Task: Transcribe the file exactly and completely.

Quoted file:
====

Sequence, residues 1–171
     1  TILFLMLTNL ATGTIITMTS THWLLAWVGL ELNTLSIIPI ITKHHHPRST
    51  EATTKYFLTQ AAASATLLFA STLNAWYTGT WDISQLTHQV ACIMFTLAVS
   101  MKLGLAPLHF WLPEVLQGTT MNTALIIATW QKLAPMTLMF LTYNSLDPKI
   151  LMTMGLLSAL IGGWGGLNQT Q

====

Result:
Sequence, residues 1–171
     1  TILFLMLTNL ATGTIITMTS THWLLAWVGL ELNTLSIIPI ITKHHHPRST
    51  EATTKYFLTQ AAASATLLFA STLNAWYTGT WDISQLTHQV ACIMFTLAVS
   101  MKLGLAPLHF WLPEVLQGTT MNTALIIATW QKLAPMTLMF LTYNSLDPKI
   151  LMTMGLLSAL IGGWGGLNQT Q